What interests do you guys have? Like, would you want to be adventuring about the place or just poddling about checking out the landmarks? I am half thinking of applying for camp america just to put that out there, and if I got onto that it'd be july-aug time I think, but I'm just thinking about things still
- 19-04-2012 23:20
I'll check out those sites you just posted as well, I agree about the time frame, 6 weeks seems reasonable and we don't want to be spending massive amounts. 500 seems a great price to me as well
- 19-04-2012 23:56
thanks for getting back lauren, i think i want a mixture of both those things, certainly in new york would like to visit all the places such as times square central park etc. but head to more adventurous stuff as we head to california
right i have been doing a bit of research and these are the costs i think we will incur
Flights; multi city will from Heathrow(just an example i live in yorkshire btw) to New York then LA to Heathrow will cost us no more than $750
Trains; About $500 but hopefully less with the student card thing
Accommodation; Hostels vary from $30 to $50 depending on the city we go to. Lets say 40 nights at $40 thats $1600
Everyday costs; I have seen a figure which says bare minimum of $25-35, but i would suggest about $50-80. If we can cook on our own food on the most part this will save a lot of money. Plus some days we may just chill and just eat and walk around and just explore, other days we might wanna do some expensive stuff so lets say average of $60 so about $2400
Obviously i'm getting a bit ahead, pretty excited about the trip ahha but let me know what you think. That comes to about £3300 which is pretty expensive but i think i have erred on the high side in terms of costs. These are just estimats but think they are pretty good ballpark figures, and especially for me as i will be on quite a tight budget, not wanting to spend ridiculous amounts.
let me know what you think of the plan, costs etc. and just say whatever you think, just a rough idea and open for development or of course a completely new idea!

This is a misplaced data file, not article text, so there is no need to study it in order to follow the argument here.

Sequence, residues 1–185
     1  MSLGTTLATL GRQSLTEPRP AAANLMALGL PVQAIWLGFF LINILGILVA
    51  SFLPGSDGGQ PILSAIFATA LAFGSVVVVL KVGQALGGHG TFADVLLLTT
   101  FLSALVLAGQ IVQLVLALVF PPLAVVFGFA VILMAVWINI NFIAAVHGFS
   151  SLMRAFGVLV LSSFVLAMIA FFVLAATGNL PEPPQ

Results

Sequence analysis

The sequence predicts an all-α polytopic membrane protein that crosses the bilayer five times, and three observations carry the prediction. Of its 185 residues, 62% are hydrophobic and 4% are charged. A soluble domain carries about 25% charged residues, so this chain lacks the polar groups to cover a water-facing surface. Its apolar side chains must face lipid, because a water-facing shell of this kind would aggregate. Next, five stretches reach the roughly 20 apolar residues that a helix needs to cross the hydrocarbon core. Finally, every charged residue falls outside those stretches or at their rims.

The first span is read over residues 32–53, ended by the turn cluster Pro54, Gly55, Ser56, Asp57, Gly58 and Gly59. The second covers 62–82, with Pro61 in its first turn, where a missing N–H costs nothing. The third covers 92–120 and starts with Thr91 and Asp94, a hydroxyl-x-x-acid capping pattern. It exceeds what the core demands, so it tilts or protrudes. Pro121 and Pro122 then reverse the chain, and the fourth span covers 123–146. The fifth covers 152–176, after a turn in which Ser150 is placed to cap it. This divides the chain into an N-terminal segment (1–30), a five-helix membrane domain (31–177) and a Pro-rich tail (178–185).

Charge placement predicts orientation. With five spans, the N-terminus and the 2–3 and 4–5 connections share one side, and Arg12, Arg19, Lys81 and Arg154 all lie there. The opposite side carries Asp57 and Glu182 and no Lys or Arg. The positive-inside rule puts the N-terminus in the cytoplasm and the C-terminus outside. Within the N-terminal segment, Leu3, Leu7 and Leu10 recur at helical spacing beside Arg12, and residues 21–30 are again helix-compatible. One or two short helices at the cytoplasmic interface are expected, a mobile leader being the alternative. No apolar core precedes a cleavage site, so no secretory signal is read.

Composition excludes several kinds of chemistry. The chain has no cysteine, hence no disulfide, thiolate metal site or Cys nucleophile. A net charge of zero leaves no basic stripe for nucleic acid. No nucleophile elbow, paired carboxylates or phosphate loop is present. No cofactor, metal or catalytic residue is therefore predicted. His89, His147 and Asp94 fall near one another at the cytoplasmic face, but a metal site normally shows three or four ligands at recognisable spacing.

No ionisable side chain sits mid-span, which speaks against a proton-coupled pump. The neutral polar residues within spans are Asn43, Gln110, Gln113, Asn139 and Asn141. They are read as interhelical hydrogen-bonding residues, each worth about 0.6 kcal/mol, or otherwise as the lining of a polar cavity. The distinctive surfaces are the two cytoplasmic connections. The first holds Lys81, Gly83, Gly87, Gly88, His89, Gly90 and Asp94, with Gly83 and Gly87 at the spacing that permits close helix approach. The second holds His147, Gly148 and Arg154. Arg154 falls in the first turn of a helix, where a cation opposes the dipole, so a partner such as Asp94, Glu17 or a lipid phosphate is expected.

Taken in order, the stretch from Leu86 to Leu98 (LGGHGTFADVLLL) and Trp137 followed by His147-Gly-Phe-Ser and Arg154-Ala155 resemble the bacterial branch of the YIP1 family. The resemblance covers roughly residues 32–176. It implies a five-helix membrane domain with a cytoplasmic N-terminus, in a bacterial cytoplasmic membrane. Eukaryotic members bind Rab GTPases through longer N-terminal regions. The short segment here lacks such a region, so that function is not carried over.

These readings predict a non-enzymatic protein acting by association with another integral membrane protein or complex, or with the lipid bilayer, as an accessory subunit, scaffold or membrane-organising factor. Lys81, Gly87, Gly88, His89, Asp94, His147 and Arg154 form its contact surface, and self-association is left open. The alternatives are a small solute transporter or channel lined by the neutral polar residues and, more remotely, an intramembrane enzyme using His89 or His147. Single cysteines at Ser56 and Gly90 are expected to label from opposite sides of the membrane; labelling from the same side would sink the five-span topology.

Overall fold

- 20-04-2012 14:23
I did a trip similar to this with my boyfriend last year, we travelled for just over 2 and a half months and spent around £4000 each for everything, including flights, accommodation, food, drink (although we avoided drinking alcohol to save money) and all attraction tickets.
We visited Los Angeles (downtown, Hollywood and Venice Beach), Las Vegas, Santa Barbara and San Francisco on the west coast over a month, then flew over to Boston, travelling down through New York, Philadelphia, Atlantic City and Washington DC over a month, then flew down to Orlando, where we hit the theme parks for 2 weeks before going down to Miami for a week before our flight back to London.
We only stayed in private rooms, most of the rooms averaged at around £20 a night each - dorm rooms would have been cheaper but we didn't really fancy it. Some rooms were more, some were cheaper, mainly depending on the city that you are in. We stayed in both hostels and also places like Travelodge, Days Inn, etc, and a few hotels, particularly in Vegas as they are DIRT cheap if you visit in the week - we literally paid £13 a night each to stay at Imperial Palace, which is right in the middle of the strip, opposite Caeser's Palace and the Bellagio.
We travelled around by various different methods, but mainly Greyhound buses and Amtrak trains on the West coast (they both take around the same amount of time but Greyhound were cheaper but the trains more comfortable), and a mixture of Megabus (REALLY cheap), Greyhound and Amtrak trains on the East coast. We booked internal flights through Expedia.com (US site - this was often cheaper than the UK one, but remember to add taxes onto prices - this applies to EVERYTHING in the US too), and our main flights with Virgin Atlantic on a multi-city booking through e-bookers.
I'm happy to give any more advice or try my best to answer any questions
- 20-04-2012 14:47
thanks for that post, very helpful
that sounds like you did a lot and not too expensive as well. The trip you did is very similar to one i was thinking of, going through nyc, washington and down to florida and miami. then get a connection flight over to las vegas area, do grand canyon and then finish off in california.
however i think the problem is i only intend for the trip to last about six weeks and factoring in the length of travelling i just don't think we would get all the things done in a period a month shorter than yours.
the pos before details a pretty good trip i think, definitely want to visit both the east and the west coast, and amtrak have routes from all those cities.
can i just ask a few questions.
first did you book all your hostels before hand and then have like a pretty clear idea of how long you would be spending in each city. second, did you have a rough itinerary of like the attractions and stuff you would visit on the days etc. or did you just explore the cities and do whatever you felt like at the time.